or otherwise displeased her as the crown has “prerogative power to keep the peace within
And since she’s immune from prosecution, nobody could really do anything if this punishment
wasn’t entirely within the scope of the law.
If the government tried to stop her, the Queen could decimate the British political landscape
by dissolving parliament and appointing anyone she felt like as prime minister.
This is because it’s the Queen’s duty to appoint the prime minister and she could,
in theory appoint anyone she wanted to the position, regardless of the way the British
public voted in an election.
On top of that, in the event the Queen didn’t like the outcome of an election, for instance
if she didn’t like the replacement parliament members voted in, she could just call for
another one using Royal Prerogative until she got the parliament she wanted.
Not that she’d need to, because she could just bring in the army to keep everyone in
line if she so chose.
Well, the Queen is also the Commander-in-Chief of the entire British military with every
officer, soldier, sailor and pilot swearing allegiance to the Crown and nobody else.
They’re not called Her Majesty’s Armed Forces for nothing.
Noted as being the “ultimate authority” on all British military matters, the Queen
could authorise a nuclear strike on France or make North Korea an ally as she has the
power to declare both war and peace with foreign nations.
As for laws, while technically the Queen can’t create new laws, as she can only sign them
into law after they’re decided upon by parliament (in fact, her Royal Assent is required to
make the law official after being passed by parliament in the first place), she could
appoint ministers who’d make any laws she wanted a reality and then just sign them into
law that way.
Beyond Royal Assent, there’s also the Queen’s consent, which requires she give her consent
before any law that affects the interests of the monarchy can even be discussed at all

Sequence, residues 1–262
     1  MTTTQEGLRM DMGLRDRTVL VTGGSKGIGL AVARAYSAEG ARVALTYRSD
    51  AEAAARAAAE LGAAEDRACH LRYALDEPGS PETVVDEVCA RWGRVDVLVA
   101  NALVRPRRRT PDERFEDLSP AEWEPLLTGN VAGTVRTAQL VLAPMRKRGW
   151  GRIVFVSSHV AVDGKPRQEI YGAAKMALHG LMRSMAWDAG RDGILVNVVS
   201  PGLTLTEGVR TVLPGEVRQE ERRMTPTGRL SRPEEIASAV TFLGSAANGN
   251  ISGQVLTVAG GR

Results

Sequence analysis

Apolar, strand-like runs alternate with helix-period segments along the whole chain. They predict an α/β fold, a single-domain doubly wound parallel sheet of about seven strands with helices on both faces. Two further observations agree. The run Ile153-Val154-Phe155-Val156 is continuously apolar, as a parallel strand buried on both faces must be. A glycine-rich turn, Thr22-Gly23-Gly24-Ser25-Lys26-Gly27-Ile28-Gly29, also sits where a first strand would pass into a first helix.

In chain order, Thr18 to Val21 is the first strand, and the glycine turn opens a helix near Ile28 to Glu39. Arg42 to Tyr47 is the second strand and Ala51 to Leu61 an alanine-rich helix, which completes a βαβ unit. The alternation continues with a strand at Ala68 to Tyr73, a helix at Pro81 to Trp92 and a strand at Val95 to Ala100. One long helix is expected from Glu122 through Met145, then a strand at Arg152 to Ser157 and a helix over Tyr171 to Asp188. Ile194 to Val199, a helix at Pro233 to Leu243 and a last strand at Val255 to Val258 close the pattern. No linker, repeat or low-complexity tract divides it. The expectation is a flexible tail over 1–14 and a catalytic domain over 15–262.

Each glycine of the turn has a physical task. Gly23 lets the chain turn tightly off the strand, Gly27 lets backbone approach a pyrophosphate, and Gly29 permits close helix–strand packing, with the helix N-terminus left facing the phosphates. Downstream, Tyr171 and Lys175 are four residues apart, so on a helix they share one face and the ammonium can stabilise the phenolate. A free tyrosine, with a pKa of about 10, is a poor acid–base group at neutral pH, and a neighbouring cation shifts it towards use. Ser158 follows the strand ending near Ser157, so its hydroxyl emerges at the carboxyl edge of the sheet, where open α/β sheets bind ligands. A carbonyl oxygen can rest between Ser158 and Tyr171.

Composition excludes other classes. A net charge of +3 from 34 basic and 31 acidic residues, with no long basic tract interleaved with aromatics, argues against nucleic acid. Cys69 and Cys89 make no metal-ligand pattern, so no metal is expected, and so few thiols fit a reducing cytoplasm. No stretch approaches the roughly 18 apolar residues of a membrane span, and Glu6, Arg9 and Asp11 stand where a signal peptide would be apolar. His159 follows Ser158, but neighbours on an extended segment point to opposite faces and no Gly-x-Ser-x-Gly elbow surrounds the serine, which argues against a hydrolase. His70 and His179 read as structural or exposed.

(She actually has used this power before, such as in 1999 when she refused to allow
the discussion of a bill that would have given parliament power to authorize military strikes
in Iraq, instead of needing her authorization.)
So that’s on the political side- it doesn’t stop here.
The Queen technically has a sort of power not only over her subjects’ physical beings,
but also their souls.
She’s the head of the Church of England, including having the power to appoint Archbishops
and power over many other such matters concerning the church.
As for most of these powers that technically allow her to rule with an iron fist, as previously
mentioned, the Queen is hesitant to ever use them in such a way that would displease her
subjects and certainly isn’t about to disregard their representatives in parliament.
However, these powers still exist for a variety of reasons including potentially being needed
in a time of extreme crisis where an individual ruling unilaterally for the good of her people
can potentially be of benefit- one of the few scenarios her subjects might not mind
her flexing her political muscles a bit without necessarily consulting parliament, depending
on the circumstances.
That said, just because she isn’t in the practice of exercising her powers against
the will of the people, it doesn’t mean she isn’t occasionally an active political
powerhouse in private.
Extremely well respected and known worldwide, with the ability to bend the ear of most heads
of state, the influence the Queen wields is difficult to quantify, but, as noted in an
article discussing why the BBC named the Queen the most powerful woman in the world in their
list of 100 most powerful women,
Her Majesty’s power is more about influence – a discreet nod of the head, a polite word
in the ear of a Prime Minister at their weekly meeting, or a strategic patronage of a cause
being overlooked by the Government – is how she can indirectly effect our world without
us even knowing.
To conclude, the Queen has many powers she could theoretically legally use to her own
ends unless her subjects and parliament simply decided to stage a revolt.
However, she generally avoids doing anything overt that might upset her subjects, and otherwise
simply works in the background more or less in an advisory role when she feels there